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Violence in relationships: what to do?



Domestic violence is a serious issue and can have terrible consequences for yourself, your partner and your child. If you feel that there is a threat of violence, either by you or your partner, you should both seek help immediately. Dad Info provides sources of advice and support.


What is domestic violence?

It often involves a pattern of aggressive behaviour from one partner towards another – but may also involve both partners.

The violence may be actual or threatened, occasional or frequent, and may include sexual and emotional abuse. It can begin at any time – in new relationships or after several years.

According to the Office for National Statistics there were an estimated 2 million adults aged 16 to 59 who said they were a victim of domestic abuse in the year ending March 2016.

Your relationship when you have a baby

Who is affected?

  • Women – According to the IWA, one in four British women will be affected by domestic violence at some stage during their lifetimes, with an estimated 1.3 million female victims compared to 716,000 male victims, according to the survey (7.7% compared with 4.4%). British Crime Survey statistics suggest women are victims in a large percentage of reported cases. At any one time, it’s likely that one in ten women is experiencing violence or seriously threatening behaviour from a past or present sexual partner. 
  • Men – Men are over three times as likely than women not to tell anyone about the partner abuse they are suffering from. Men, particularly young men, were more likely to have experienced violent crime.
  • Children – In families where there is violence between mother and father, it is also more likely that the children will be victims of violence – and whenever there is violence between partners, their children will be affected, even if they don’t actually see the violence taking place.

How are victims affected?

The worst-case scenario is that someone is killed, permanently injured or, during a pregnancy, the baby is damaged, born too early or miscarries, or is of low birth weight and may die shortly after birth.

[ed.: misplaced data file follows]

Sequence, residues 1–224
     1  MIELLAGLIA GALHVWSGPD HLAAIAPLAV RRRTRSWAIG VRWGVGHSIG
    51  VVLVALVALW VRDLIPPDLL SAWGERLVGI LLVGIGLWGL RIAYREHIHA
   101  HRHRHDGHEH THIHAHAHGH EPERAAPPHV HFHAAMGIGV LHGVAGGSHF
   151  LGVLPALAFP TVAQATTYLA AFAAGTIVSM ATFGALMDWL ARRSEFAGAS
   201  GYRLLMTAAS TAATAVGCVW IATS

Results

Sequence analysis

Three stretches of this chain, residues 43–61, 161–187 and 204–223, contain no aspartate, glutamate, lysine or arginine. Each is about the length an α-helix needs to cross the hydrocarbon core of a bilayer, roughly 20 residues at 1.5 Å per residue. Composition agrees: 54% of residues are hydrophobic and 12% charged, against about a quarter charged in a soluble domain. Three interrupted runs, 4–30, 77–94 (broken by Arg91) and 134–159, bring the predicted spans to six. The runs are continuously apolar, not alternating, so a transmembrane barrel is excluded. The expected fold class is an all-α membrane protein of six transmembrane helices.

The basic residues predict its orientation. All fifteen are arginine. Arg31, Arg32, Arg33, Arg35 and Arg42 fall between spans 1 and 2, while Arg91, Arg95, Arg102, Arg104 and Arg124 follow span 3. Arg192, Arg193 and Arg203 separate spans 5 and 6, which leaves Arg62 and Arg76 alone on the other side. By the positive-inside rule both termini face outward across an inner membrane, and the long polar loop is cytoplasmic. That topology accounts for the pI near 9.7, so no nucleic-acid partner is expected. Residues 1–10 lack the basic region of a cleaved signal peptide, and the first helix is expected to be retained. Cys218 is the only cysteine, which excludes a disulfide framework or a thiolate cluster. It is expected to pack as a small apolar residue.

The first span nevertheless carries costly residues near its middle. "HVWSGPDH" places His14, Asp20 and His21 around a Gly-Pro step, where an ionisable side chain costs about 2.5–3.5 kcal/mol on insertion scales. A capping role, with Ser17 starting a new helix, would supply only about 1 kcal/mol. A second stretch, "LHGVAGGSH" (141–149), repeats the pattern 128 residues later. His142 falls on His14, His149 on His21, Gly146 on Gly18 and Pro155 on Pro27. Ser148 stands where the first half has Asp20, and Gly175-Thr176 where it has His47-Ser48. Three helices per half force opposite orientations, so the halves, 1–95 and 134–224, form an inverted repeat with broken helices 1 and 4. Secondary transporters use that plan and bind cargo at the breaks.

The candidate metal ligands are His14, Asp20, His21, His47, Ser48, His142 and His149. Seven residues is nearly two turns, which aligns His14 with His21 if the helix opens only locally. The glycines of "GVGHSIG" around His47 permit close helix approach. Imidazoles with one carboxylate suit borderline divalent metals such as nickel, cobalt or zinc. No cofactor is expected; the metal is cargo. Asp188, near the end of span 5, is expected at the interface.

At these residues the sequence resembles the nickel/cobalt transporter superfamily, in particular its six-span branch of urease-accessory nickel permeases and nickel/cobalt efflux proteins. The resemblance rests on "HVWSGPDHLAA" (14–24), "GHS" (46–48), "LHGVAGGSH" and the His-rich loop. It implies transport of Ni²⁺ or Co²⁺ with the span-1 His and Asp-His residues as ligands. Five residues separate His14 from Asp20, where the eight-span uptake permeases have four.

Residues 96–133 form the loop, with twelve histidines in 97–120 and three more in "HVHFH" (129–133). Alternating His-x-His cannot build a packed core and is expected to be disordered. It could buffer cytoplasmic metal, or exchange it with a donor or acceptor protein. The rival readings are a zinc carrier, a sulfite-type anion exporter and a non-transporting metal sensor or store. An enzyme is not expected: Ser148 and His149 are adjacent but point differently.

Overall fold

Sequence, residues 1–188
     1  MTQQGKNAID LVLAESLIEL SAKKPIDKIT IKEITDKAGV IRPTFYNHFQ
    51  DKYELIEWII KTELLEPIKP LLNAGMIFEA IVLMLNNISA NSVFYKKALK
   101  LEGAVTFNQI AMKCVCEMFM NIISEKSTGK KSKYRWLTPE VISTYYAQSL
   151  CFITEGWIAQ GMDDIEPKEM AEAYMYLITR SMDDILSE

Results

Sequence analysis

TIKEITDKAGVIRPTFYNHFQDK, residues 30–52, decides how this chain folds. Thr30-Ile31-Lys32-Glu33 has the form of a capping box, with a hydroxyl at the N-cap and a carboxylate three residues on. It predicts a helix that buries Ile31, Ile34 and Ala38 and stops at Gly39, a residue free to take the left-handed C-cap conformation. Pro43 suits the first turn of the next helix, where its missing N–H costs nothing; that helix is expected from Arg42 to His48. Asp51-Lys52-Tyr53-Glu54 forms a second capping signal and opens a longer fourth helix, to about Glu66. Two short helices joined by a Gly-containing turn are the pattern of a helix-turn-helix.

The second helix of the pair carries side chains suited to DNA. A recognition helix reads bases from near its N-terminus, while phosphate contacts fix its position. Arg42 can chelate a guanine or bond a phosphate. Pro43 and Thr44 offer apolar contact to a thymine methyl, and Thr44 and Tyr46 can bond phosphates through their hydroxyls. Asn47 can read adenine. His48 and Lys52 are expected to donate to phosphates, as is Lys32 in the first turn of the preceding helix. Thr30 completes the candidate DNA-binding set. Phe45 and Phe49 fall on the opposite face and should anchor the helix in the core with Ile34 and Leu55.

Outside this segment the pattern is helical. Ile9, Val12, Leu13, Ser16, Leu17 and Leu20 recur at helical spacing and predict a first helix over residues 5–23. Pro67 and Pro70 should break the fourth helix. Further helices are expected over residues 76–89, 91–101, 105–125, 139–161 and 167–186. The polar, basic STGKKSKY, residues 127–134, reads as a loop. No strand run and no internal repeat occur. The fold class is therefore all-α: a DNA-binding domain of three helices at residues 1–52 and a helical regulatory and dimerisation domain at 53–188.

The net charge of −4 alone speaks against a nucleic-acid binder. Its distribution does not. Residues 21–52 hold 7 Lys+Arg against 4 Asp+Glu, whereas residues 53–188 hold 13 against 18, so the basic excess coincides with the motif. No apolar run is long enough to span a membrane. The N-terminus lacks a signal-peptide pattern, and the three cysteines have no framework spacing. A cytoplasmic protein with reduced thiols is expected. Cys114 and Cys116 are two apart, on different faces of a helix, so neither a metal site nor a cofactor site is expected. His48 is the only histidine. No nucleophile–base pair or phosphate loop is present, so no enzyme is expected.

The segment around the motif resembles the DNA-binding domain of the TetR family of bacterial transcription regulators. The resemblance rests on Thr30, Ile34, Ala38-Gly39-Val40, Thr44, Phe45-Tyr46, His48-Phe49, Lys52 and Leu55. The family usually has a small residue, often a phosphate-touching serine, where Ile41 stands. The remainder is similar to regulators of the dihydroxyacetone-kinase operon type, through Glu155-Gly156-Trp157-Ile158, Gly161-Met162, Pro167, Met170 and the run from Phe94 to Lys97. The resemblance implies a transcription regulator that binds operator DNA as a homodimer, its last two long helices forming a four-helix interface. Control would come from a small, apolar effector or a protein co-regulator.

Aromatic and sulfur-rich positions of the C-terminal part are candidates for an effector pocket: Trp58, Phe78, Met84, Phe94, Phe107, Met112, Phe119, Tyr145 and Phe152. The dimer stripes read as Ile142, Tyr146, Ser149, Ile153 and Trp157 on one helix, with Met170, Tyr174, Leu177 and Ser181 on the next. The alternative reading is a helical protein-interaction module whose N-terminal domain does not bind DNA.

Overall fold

Even if the violence ends when they are born, children who experienced domestic violence when they were in the womb tend to have behavioural and emotional problems, and may find it difficult to learn.

As for children who witness violence or are elsewhere in the house when it takes place, they also tend to suffer emotional, behavioural and learning difficulties. The girls are more likely to partner with violent men, and the boys to become violent themselves.

What about the adult victims? In addition to the physical trauma, they usually experience a loss of self-confidence, which may prompt depression, neuroses and even suicide. This can also happen when the violence is mutual

What is the law?

It is a crime to use or threaten violence against another adult (parents are still allowed to threaten and hit their children, as long as they don’t leave a mark!), unless acting in reasonable self-defence or defence of others.

Adult-to-adult violence that is unlawful includes punching, slapping, hitting, biting, pinching, kicking, pulling hair, pushing, burning, strangling, raping, throwing objects, throwing hot drinks.

Patterns of other abusive behaviour – such as routinely insulting a partner, stalking them, stopping them going out or keeping them short of money – can all be considered part of unlawful violence.

If you call the police because your partner is hurting or threatening you, the police have a duty to investigate. For more on domestic violence law, click here.

What if I’m a perpetrator?

Victims of violence aren’t the only people that need help – those responsible are usually desperate to change.

If they’re men, they usually think it’s terrible to hit women and hate themselves for doing it. Depression, anxiety and so on often follow; and both perpetrators and victims may also have other problems – drugs, alcohol, serious mental health – which, though they don’t cause the violence, also need to be addressed if it is to stop.

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Domestic violence frequently emerges from the abuser’s own deep fears of being powerless or being abandoned. This can cause them to develop a great desire for control over their partner.

The good news is, that both men and women who use violence can usually learn to stop quite quickly, given the right support. If you’ve been violent or feel you are in danger of becoming so, there are many programmes that can help you tackle this behaviour.

To find out more about these programmes go to Men’s advice line, National Centre for Domestic Abuse or call the Respect phone information line: 

  0808 802 4040            

What if I’m a victim?

If you are a man suffering domestic abuse, or are in are in a relationship where the violence is mutual and would like advice or help, you can contact:

  • Male Advice & Enquiry Line – 0808 801 0327           
  • Helpline for male victims of domestic violence – 0808 801 0327            


If you are a woman, contact:

  • The English National Domestic Violence helpline – 0808 2000 247            
  • Scotland Domestic Violence helpline – 0800 027 1234            
  • Wales Domestic Violence helpline – 0808 80 10 800            

If you are a friend or other family member worried about the impact of family violence on an adult or a child, call any of the helplines above, or the NSPCC helpline – 0808 800 5000      

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